The Diet That Keeps You Young
No need for a miracle drug; just eat like the Greeks do. There are already many proven benefits of eating a Mediterranean diet, and now we can add another major one: a recent study of 4,600 women, published in the BMJ, found that sticking to a Mediterranean diet helped slow DNA damage, an internal sign of aging. Plus, another recent, large study of 7,500 people in Spain found that following a Mediterranean diet can cut your risk of heart attack, stroke, and heart-disease-related deaths by about 30 percent compared to a typical Western diet that didn't include Mediterranean staples. Since this study followed people who were overweight, had diabetes or heart disease risk factors, and currently smoked, many say the results show just how beneficial the diet is for people who are at high risk of developing cardiovascular complications.
Past studies have found that following a Mediterranean diet can help lower the risk of heart and eye complications, control your weight, protect brain function, and help you live longer, so there are more than a few good reasons to eat like you're on an overseas vacation. Read on for six staples of the Mediterranean diet you should be eating. Source: Thinkstock, Flickr users bochalla and Gustty
Nuts, Legumes, and Seeds
Nuts, legumes, and seeds keep you full while also keeping your heart healthy, so incorporate these foods into your meals regularly. Not always into a handful of almonds for a snack? Get creative with these five ways to use nut butter in your meals.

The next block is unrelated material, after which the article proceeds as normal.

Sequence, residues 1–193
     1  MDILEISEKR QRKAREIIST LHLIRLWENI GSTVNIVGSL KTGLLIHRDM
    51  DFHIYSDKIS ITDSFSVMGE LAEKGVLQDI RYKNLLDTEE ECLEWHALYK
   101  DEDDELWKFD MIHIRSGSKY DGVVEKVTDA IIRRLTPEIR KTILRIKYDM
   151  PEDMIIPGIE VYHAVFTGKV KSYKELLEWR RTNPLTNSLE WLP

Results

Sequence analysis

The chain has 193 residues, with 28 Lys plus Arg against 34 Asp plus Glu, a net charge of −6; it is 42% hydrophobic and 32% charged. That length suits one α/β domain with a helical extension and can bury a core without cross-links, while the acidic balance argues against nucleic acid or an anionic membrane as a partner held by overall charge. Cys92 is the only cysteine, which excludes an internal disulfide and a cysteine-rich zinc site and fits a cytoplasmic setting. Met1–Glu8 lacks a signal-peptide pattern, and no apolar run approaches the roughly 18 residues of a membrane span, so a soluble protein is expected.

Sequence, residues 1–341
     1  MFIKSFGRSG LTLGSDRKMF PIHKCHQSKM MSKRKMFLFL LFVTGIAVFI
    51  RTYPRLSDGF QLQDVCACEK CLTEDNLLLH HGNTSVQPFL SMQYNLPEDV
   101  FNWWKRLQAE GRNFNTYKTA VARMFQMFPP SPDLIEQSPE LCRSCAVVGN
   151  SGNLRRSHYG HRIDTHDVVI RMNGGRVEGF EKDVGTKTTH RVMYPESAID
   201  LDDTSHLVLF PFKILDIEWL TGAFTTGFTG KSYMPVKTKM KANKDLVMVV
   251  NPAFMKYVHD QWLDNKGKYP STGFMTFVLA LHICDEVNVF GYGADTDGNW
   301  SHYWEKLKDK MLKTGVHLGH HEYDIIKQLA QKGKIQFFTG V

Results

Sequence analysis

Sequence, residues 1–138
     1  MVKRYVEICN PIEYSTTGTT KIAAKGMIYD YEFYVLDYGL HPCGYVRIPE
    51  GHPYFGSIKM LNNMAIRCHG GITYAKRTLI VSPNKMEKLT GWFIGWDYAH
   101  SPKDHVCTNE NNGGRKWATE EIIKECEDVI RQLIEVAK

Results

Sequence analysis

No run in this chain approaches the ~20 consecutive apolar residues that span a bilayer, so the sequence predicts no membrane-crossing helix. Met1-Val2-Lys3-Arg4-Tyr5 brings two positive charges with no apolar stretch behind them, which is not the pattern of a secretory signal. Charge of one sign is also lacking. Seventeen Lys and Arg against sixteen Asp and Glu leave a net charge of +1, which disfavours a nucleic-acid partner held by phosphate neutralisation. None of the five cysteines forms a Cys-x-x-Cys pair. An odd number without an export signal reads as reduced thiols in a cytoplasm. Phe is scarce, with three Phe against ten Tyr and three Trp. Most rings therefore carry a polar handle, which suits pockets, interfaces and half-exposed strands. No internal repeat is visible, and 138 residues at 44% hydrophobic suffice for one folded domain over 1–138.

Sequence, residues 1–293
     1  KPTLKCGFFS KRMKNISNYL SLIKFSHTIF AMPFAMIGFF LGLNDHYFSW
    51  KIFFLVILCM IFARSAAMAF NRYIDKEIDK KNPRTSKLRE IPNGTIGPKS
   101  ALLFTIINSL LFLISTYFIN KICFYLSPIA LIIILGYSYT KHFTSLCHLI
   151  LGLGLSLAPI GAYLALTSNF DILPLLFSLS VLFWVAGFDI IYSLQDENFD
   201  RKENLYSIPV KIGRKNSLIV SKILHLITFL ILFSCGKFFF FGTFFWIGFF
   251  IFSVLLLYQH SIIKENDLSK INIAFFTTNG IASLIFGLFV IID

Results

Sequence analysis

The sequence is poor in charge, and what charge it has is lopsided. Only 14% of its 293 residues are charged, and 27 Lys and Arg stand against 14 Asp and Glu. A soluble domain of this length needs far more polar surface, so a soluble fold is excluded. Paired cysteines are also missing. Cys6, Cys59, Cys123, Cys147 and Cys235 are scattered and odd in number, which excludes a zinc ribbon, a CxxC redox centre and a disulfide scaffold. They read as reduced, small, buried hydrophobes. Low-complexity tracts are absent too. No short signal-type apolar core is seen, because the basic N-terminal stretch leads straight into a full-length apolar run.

Olive oil is full of healthy components, like monounsaturated fats for your heart, and disease-fighting antioxidants. Make sure your olive oil is high-quality, cold-pressed extra-virgin olive oil for the most health benefits. Read more about how to pick the right olive oil for the most benefits.
As part of the Mediterranean diet guidelines, whole grains should be eaten at every meal. Whole grains contain a lot of nutrients, like fiber, protein, vitamins, and healthy fats, and help lower your blood pressure and reduce belly fat. Read more about the benefits of whole grains.
Fruits and Vegetables
Fruits and vegetables should also be part of every meal in the Mediterranean diet. Fresh produce packs a ton of nutrients and flavor, so whether they're the mainstay or the hearty side, make your fruits and vegetables a major component of your diet.
A Mediterranean diet is full of seafood rather than other types of meat. Eat fish once or twice a week for the greatest benefit — much seafood is lower in calories than other meats while containing high levels of good-for-you omega-3 fatty acids.
It's always good news when red wine makes the healthy list. While the jury is still out on just how good a daily glass of red wine is for you, researchers agree that an occasional glass of antioxidant-rich wine won't hurt — and may help. Just don't undo the benefits by indulging too much. Find out how to pour a proper glass of red wine.